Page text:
LOS ANGELES Since test pilot Chuck Yeager broke the sound barrier in 1947, engineers and scientists have dreamed of ever-faster aircraft. Now they face one of their toughest challenges yet: sustaining hypersonic flight going five times the speed of sound or more for more than a few minutes.
In a nondescript hangar at Edwards Air Force Base in Californias Mojave Desert, a team of aerospace engineers has been putting the finishing touches on an experimental aircraft designed to fly above the Pacific Ocean at 3,600 mph. A passenger aircraft traveling at that speed could fly from Los Angeles to New York in 46 minutes but thats just a pipe dream at this point.
A key test is set Tuesday for the unmanned aircraft X-51A WaveRider. It will take the aircraft attached to a B-52 bombers wing from Edwards to about 50,000 feet over the Pacific Ocean near Point Mugu, which is not far from Malibu. From there, its high-speed journey at Mach 6 is expected to last only five minutes, which would be twice as long as its ever gone at that speed.
Aerospace engineers say that harnessing technology capable of sustaining hypersonic speeds is crucial to the next generation of missiles, military aircraft, spacecraft and even passenger planes.
Attaining sustained hypersonic flight is like going from propeller-driven aircraft to jet aircraft, said Robert A. Mercier, deputy for technology in the high speed systems division at the Air Force Research Laboratory in Ohio. Since the Wright brothers, we have examined how to make aircraft better and faster. Hypersonic flight is one of those areas that is a potential frontier for aeronautics. I believe were standing in the door waiting to go into that arena.
NASA and the Pentagon are financing three national centers across the country to study hypersonic flight. The Pentagons research arm, known as the Defense Advanced Research Projects Agency, or DARPA, calls hypersonic flight the new stealth for its promise of evading and outrunning enemy fire.
The effort to develop hypersonic engines is necessary because they can propel vehicles at a velocity that cannot be achieved from traditional turbine-powered jet engines.
The Pentagon believes that hypersonic missiles are the best way to hit a target in an hour or less. The only vehicle that the military currently has in its inventory with that kind of capability is the massive, nuclear-tipped intercontinental ballistic missile.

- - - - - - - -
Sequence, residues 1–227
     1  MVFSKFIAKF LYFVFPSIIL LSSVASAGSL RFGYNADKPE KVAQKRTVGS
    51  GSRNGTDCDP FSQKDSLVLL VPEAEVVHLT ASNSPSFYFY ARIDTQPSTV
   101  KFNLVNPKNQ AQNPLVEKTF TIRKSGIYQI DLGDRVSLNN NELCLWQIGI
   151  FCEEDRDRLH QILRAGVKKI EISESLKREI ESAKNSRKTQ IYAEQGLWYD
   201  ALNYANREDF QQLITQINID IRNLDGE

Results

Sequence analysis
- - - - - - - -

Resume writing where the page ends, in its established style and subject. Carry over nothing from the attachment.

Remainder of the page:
Other means of hitting a distant target, such as cruise missiles and long-range bomber planes, can take hours to reach their destination.
The Pentagon is funding six major hypersonic technology programs. Over the past 10 years, it said it spent as much as $2 billion on hypersonic technologies and supporting engineering.
The WaveRider program is estimated to cost $140 million, according to Global-security.org, a website for military policy research.
Yet the funding has turned up few positive results.
One of the more recent attempts was in August 2011, when DARPA carried out a test flight of an arrowhead-shaped unmanned aircraft, dubbed Falcon Hypersonic Technology Vehicle 2. Its designed to travel at 20 times the speed of sound. The launch had received worldwide attention and much fanfare, but minutes into the flight, searing high speeds caused portions of the Falcons skin to peel from the aerostructure and the flight ended prematurely.
Charlie Brink, the Air Force Research Laboratorys program manager, and his team will try again on a test flight Tuesday. The WaveRider will fall like a bomb for about four seconds before its booster rocket engine ignites and propels the nearly wingless aircraft for 30 seconds to about Mach 4.5, before being jettisoned.
Then the cruisers scramjet engine, notable because it has virtually no moving parts, ignites. The ignition sequence begins burning ethylene, transitioning over about 10 seconds to JP-7 jet fuel. The WaveRider is expected to accelerate to about Mach 6 as it climbs to nearly 70,000 feet.
After five minutes of flight, the WaveRider is set to break up after splashing into the Pacific.
There are no plans to recover it.
Dora Musielak, an adjunct professor of physics at the University of Texas at Arlington whose research focuses on high-speed propulsion, said aircraft like the WaveRider are crucial to commercial planes one day flying nonstop at high speeds from one side of the planet to the other.
Other than the turbojet-powered Concorde retired in 2003 commercial transportation has not advanced beyond the speed of sound.